Yemen’s warring sides have failed to reach an agreement to extend a nationwide cease-fire, the U.N. said Sunday, endangering the longest lull in fighting since the country’s bloody civil war began.
In a statement, the U.N.’s envoy to Yemen called on all sides to refrain from acts of provocation as the talks continue, after the deadline of Oct. 2 for extending the agreement was missed.
The top U.N. envoy for Yemen Hans Grundberg told the U.N. Security Council in mid-August that failure to extend the truce “would lead to renewed cycles of escalation and violence.”
Yemen’s civil war erupted in 2014, when the Houthis descended from their northern enclave and took over the capital, forcing the government to flee to the south before its exile in Saudi Arabia. A Saudi-led coalition — then backed by the United Sates — entered the war in early 2015 to try to restore the government to power. Since then, the conflict has turned into a proxy war between regional foes Saudi Arabia and Iran, which backs the Houthis.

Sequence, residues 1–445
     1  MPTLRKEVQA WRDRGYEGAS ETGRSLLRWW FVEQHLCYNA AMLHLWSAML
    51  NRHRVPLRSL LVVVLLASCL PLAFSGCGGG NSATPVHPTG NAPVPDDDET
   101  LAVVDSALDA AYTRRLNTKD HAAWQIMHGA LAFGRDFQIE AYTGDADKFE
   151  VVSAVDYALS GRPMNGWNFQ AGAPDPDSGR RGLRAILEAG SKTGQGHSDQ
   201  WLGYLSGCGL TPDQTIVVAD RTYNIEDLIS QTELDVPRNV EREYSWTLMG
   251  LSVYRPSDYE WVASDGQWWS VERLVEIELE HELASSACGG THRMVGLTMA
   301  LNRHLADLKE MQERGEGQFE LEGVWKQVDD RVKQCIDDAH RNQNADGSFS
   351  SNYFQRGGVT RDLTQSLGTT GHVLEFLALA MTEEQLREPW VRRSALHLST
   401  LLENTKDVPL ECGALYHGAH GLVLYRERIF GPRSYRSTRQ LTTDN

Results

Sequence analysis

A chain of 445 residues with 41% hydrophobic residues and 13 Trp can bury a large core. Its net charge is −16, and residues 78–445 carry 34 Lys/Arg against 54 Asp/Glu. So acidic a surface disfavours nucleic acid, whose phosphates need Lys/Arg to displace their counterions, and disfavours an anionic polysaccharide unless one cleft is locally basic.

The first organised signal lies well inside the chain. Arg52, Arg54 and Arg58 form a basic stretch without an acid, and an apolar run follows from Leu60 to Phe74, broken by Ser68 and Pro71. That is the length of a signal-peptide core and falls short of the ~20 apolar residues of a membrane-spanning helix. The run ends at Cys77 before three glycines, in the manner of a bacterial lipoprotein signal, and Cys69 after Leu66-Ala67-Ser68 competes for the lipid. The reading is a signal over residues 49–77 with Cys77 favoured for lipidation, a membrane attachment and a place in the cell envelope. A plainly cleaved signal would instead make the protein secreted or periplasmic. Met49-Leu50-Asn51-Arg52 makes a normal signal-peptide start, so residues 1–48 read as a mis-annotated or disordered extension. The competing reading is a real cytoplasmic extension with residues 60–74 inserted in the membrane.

April’s truce had originally established a partial opening of the Sanaa airport and the Red Sea port of Hodeida. The ensuing months have seen flights start again from the capital’s airport to Jordan and Egypt. It also called for lifting a Houthi blockade on Taiz, the country’s third largest city. But little progress has been made there, after talks aimed at reopening local roads stalled. Another sticking point is how salaries of public employees will be funded, many of whom have not been compensated for years.
Image Credit: Ansar Allah Media via AP